Monkeypox virus is the virus that causes the disease monkeypox in both humans and animals. It was first identified in 1958 as a pathogen of crab-eating macaque monkeys (Macaca fascicularis) being used as laboratory animals. The crab-eating macaque is often used for neurological experiments. Monkeypox virus is an Orthopoxvirus, a genus of the family Poxviridae that contains other viral species that target mammals. The virus is mainly found in tropical rainforest regions of central and West Africa.
The virus was first discovered in monkeys (hence the name) in 1958, and in humans in 1970. Between 1970 and 1986, over 400 cases in humans were reported. Small viral outbreaks with a death rate in the range of 10% and a secondary human to human infection rate of about the same amount occur routinely in equatorial Central and West Africa. The primary route of infection is thought to be contact with the infected animals or their bodily fluids. The first reported outbreak in the United States occurred in 2003 in the midwestern states of Illinois, Indiana, and Wisconsin, with one occurrence in New Jersey. The outbreak was traced to pet prairie dogs infected from an imported African rodent. No deaths occurred.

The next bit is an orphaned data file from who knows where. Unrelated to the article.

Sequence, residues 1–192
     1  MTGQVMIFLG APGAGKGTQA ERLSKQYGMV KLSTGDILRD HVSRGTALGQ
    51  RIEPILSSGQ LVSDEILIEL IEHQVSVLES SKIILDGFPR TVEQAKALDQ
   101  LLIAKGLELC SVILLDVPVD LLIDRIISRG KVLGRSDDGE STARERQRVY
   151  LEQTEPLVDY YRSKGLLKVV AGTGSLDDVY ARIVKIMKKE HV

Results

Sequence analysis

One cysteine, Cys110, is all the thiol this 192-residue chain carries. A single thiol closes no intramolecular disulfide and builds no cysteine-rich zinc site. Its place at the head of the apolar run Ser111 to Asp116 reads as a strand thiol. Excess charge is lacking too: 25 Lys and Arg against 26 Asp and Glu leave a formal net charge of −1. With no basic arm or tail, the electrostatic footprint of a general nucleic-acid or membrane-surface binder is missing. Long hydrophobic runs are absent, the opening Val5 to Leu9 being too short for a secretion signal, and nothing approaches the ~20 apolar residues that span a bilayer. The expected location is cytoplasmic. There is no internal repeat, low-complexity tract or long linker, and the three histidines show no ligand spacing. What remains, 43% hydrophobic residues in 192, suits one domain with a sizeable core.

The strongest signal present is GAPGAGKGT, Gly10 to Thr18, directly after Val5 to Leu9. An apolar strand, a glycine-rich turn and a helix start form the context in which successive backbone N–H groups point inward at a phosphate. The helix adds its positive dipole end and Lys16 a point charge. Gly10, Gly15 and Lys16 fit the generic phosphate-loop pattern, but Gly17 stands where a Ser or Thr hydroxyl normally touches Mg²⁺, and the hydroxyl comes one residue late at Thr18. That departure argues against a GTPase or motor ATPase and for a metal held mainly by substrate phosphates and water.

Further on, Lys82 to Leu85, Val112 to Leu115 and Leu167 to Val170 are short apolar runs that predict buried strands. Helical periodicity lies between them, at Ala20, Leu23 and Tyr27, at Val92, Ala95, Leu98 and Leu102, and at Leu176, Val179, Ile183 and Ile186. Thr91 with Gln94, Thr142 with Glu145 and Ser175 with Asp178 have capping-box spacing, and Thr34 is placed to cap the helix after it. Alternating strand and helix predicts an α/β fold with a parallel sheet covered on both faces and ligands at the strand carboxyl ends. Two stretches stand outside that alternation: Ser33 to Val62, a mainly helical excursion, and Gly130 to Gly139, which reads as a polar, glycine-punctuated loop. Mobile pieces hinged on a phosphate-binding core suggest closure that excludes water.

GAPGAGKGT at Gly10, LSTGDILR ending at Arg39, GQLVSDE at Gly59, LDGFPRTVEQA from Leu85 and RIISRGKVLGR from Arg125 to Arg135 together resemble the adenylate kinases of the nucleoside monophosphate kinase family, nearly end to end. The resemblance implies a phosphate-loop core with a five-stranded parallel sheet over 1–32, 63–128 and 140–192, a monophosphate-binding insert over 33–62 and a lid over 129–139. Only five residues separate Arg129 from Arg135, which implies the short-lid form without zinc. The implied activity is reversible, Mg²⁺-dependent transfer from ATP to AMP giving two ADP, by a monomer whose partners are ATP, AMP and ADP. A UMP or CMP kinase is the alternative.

The virus can spread both from animal to human and from human to human. Infection from animal to human can occur via an animal bite or by direct contact with an infected animal’s bodily fluids. The virus can spread from human to human through both their breath and through contact with an infected person’s bodily fluids. Animal to human transmission is more common. Following infection, the virus then incubates in the host for 10–14 days. Symptoms then start to show, including swelling of lymph nodes, muscle pain, headache, fever, with the possibility of a rash appearing.
- Meyer, H.; Mathilde Perrichot, Markus Stemmler, Petra Emmerich, Herbert Schmitz, Francis Varaine, Robert Shungu, Florimond Tshioko, and Pierre Formenty (2002). "Outbreaks of Disease Suspected of Being Due to Human Monkeypox Virus Infection in the Democratic Republic of Congo in 2001". Journal of Clinical Microbiology (American Society for Microbiology) 40 (8): 2919–2921. doi:10.1128/JCM.40.8.2919-2921.2002. PMC 120683. PMID 12149352. //www.ncbi.nlm.nih.gov/pmc/articles/PMC120683/. Retrieved 2008-03-22.